Cincinnati Reds in Review: SP Mike Leake


Mike Leake is a rare breed. If you’ve watched him just once over the span on the past five seasons, that much becomes obvious right from the start. Once the curly-haired youngster from Arizona State that skipped the minor leagues entirely, Leake is now the poster boy for a dying breed of pitcher, one that doesn’t overwhelm hitters as much as he craftily works around them.

Who knows how much longer Leake has in Cincinnati? As his career has precipitously improved year after year, he will be in for a major payday when he hits the free agent market next summer.

Mike Leake – Starting Pitcher

It’s hard to believe that Leake has already been a member of the Reds staff for five seasons. When looking at his talent level, there’s no reason to believe that he won’t continue to have a wildly successful Major League career over the next decade plus.

Where he spends those years is what becomes intriguing. The Cincinnati Reds are not lush and plentiful with their cash. Leake will be due for a payday, but for how much no one can quite say. His whole career he has been looked at as a five starter due to the fact that A.) The Reds have had some really solid rotations, and B.) He doesn’t throw very hard. In baseball’s modern age, giving pitchers who don’t throw in the upper-90s big contracts has proven to be the exception, rather than the rule.

In 2014, Leake lost double-digit games for the first time in his career. For most of the season, he led the league in hits allowed, one of the few categories pitchers don’t ever want to pace the league in. Yet, it could be argued that it was his best season yet.

Over his five Major League seasons, Leake has steadily increased his innings pitched total. On a limit in his first year, he threw only 138.1 innings before being let loose this season to the point that he tossed 214.1. This from a “#5 starter.” According to everyone’s new favorite advanced metric, FIP (fielding independent pitching), this was Leake’s best season yet, and also the first time his number dropped below four. So while some may see it as a negative that Leake’s FIP was still higher than his ERA, that should actually translate well at the bargaining table, considering how tremendous the Reds defense is. Another club with a lesser defense may be hesitant to pull the trigger with a long-term deal, opposed to the Redlegs who know what they’ll be running out there behind a pitcher who is dependent on contact.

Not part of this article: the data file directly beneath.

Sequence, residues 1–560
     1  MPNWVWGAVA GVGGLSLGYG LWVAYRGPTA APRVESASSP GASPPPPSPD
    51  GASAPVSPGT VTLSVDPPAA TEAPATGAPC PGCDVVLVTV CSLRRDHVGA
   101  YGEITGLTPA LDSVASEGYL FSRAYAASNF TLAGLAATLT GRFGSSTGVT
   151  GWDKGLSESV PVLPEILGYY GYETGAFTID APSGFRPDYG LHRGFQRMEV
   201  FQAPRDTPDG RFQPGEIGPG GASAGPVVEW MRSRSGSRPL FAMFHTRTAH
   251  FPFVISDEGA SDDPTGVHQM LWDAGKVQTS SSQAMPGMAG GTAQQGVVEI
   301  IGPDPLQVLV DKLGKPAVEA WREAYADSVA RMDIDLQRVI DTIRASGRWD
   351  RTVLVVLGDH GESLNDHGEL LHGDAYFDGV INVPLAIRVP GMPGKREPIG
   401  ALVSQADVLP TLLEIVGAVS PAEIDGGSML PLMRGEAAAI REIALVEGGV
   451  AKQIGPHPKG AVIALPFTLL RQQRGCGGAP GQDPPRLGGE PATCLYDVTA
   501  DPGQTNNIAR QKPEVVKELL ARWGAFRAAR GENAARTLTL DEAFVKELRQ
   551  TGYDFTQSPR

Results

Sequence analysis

Leake’s 2014 season was the true model of consistency. After his June 5 start, his ERA would not deviate from starting with a three the remainder of the season. He would not miss a start. Until his 29th start on September 4 in Baltimore, in every single start Leake had gone at least five innings and allowed five runs or less. The one night in Baltimore would be the only start of the season that wouldn’t fit that mold.

Leake’s Stat Line:

11-13, 3.70 ERA, 214.1 IP, 217 H, 164 K, 3.88 FIP, 1.25 WHIP, .263 OAV

Top Mike Leake Moment:

Despite his ultimate model of consistency, that also meant that Leake failed to go the distance at any point in 2014. This certainly wasn’t due to his inability, but rather a combination of how starting pitchers are handled in the modern era, and the presence of Jonathan Broxton and Aroldis Chapman at the backend of the bullpen.

While there would be games when he wouldn’t allow any runs at all, the best game Leake pitched all season was on June 26 against the San Francisco Giants at AT&T Park. On that night, no one would have guessed that would be the lineup that would go on to win the World Series in four months time.

Leake would outduel Ryan Vogelsong and toss an eight-inning, 12-strikeout gem. His only blemish would be the first home run of Adam Duvall’s career in the bottom of the seventh inning. Punching out Hunter Pence twice and Pablo Sandoval once, Leake would rack up his season-high in strikeouts before turning the game over to Chapman, who would slam the door and deliver him the victory.

Low-Point of the Season for Mike Leake:

That one night in Baltimore. While that may sound like the start to a bad story told over family dinner, for Leake, it cost him his model of consistency. The Orioles jumped all over him quickly with two first inning home runs from Nelson Cruz and Nick Hundley that would put a six-spot on the board before Leake knew what hit him.

He would go only four innings in that game, when in accordance with his seven runs allowed, would serve as his only start of the season where he didn’t go at least five and allow five or less. Although, at that point in the season, keeping his team in the game would have taken a whole lot more.

Final Grade: B

Each time Leake takes the mound, there is this sense of “Is this the time he implodes?” After years of waiting for a self-implosion to come, Leake has shown fans that he’s a legitimate big league starter and not just a number five.

Whether he has just one more season in Cincinnati, or one more decade, Leake has served as a first-round draft pick well spent. Expect for him to only improve as 2015 approaches.